of [16], and analyses them according to both methods. Denoting the time abscissa by t, we generally denote
Obviously, all observed and computed columns are 0 in probability density functions (pdf) as f(t) and cumulative
the first row. The plasma observations are listed in the distribution function (cdf) as F(t). Regarding input, weight-
first two columns, TIME and PLAS. Columns ELIM and ing and response functions, their differential profiles are
ABS1 perform a Wagner–Nelson computation, using denoted by i(t), w(t), r(t); cumulative profiles by I(t), W(t)
ke ¼ 0.5, which may be estimated from the data themselves and R(t). In mathematical equations, matrixes are denoted
ELIM ¼R½21C1KE *ðRC1-R½21C1Þ*ðRC21R½21C2Þ=2 by bold-face letters, e.g. A or Z. Column and row vectors
are denoted as x or y.
ABS1 ¼RC21RC3 Excel-specific code is distinguished by capitalized non-
serif font, e.g. R[21]C as cell reference, K12 as named
The profile of ABS1 strongly indicates the need for a range, or ¼ {MMULT(WTRI;WAVE)} as array formula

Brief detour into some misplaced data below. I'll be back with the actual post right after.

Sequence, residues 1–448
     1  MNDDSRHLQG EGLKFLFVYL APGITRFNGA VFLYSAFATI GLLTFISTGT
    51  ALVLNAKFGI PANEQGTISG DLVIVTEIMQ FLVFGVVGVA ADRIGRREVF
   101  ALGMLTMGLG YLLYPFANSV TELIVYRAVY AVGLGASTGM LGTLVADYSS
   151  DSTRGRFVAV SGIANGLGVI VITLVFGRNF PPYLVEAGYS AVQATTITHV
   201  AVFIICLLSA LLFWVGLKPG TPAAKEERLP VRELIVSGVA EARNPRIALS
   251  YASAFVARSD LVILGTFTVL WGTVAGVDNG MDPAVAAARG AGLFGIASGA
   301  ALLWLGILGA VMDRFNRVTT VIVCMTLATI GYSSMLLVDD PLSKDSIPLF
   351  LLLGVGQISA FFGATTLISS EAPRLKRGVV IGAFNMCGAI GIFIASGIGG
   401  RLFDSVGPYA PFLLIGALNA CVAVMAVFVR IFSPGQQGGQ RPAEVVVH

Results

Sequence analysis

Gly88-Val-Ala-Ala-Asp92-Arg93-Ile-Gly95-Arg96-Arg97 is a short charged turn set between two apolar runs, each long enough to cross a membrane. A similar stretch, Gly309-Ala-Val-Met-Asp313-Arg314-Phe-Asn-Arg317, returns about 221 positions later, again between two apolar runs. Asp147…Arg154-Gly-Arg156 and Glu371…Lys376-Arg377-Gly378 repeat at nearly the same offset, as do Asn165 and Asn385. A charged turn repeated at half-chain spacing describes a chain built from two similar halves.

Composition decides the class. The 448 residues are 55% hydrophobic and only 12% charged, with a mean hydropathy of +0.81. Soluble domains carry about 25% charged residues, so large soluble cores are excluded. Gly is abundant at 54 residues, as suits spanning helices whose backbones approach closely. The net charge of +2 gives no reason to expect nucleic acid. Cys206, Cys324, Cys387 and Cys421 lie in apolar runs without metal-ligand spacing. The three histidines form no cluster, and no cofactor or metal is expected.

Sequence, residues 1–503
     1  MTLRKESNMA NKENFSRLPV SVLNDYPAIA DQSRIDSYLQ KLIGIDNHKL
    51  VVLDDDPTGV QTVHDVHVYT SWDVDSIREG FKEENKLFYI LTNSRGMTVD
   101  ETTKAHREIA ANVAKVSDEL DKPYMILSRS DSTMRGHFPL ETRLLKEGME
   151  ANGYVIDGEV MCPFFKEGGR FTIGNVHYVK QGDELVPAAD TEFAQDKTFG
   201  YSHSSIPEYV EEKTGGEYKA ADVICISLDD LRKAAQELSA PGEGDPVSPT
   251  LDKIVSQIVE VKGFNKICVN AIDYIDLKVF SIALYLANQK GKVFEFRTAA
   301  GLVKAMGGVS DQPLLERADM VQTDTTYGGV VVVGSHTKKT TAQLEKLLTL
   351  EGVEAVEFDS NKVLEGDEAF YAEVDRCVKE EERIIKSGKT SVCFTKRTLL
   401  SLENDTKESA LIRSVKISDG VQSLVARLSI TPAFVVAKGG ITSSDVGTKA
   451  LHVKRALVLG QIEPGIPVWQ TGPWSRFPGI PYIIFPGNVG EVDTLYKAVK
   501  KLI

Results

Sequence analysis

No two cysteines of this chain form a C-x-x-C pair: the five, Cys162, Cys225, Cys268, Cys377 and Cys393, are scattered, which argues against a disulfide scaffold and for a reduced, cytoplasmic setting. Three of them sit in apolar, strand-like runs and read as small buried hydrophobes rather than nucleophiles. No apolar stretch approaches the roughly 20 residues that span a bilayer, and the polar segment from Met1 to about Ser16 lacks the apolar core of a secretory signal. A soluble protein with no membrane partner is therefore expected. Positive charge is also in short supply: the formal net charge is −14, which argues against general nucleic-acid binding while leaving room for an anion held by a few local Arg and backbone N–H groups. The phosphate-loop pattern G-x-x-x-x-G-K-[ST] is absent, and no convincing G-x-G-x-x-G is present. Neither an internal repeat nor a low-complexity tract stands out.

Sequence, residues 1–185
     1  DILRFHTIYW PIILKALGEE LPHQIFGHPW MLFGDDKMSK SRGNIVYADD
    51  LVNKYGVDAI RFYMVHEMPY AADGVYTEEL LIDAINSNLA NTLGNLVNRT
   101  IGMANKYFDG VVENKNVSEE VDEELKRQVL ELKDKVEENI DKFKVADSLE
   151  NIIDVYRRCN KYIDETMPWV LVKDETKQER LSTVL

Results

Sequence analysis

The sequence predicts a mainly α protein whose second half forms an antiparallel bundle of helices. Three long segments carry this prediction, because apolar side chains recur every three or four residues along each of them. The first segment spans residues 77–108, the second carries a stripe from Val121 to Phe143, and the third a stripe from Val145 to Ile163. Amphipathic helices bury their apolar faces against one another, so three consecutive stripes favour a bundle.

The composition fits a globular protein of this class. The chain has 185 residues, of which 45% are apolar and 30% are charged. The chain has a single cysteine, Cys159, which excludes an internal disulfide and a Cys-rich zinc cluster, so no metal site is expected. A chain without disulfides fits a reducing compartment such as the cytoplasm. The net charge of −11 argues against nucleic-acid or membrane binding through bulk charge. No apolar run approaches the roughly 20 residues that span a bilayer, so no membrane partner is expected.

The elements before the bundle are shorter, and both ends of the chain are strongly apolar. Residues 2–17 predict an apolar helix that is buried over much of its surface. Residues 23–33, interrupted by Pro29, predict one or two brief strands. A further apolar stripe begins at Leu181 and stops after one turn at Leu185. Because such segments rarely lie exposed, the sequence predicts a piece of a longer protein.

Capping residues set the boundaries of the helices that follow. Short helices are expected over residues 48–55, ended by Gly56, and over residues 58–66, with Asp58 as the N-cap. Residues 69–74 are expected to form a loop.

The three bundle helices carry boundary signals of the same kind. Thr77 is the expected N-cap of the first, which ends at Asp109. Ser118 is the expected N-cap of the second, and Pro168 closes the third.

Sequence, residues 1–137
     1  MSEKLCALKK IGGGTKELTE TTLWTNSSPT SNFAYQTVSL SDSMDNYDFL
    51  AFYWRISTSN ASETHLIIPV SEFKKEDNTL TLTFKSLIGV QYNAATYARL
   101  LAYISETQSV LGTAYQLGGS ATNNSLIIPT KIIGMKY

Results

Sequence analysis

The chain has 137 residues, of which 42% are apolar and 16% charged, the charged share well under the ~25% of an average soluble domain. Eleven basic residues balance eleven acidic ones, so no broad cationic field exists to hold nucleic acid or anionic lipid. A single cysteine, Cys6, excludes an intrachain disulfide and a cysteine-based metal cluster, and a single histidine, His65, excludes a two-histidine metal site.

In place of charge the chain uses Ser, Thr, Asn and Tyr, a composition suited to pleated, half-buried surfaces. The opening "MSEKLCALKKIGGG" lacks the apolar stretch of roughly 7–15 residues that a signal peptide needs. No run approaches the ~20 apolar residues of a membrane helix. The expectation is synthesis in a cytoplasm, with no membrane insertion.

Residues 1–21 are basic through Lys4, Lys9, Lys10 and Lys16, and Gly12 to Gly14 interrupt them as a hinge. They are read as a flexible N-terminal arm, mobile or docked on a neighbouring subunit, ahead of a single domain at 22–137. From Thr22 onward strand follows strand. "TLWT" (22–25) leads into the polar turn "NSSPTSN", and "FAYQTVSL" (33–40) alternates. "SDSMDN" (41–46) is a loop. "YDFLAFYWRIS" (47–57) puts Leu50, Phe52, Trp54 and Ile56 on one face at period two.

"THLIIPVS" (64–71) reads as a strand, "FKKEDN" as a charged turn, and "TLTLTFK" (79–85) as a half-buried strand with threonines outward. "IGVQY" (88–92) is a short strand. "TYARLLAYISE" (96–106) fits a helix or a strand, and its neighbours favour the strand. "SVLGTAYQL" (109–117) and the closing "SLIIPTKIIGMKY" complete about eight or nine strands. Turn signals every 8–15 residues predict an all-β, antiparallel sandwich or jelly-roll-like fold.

further compartment. The absorption model is improved with named references. Range labels or names assigned to
by computing additional columns relating to a tissue ranges, e.g. TIME, PLAS, PDF, TISS, MEAN1, are
denoted by italic font. Note that KE, K12 and K21 are
symbolic names, which cannot be used directly in formulas
because of confusion with cell references, but must be
substituted by appropriate references or named ranges.

Acknowledgements

The present manuscript was prepared with the assistance


of J. Mysicka and Dr H. Rettig, whose contributions are
gratefully acknowledged.

References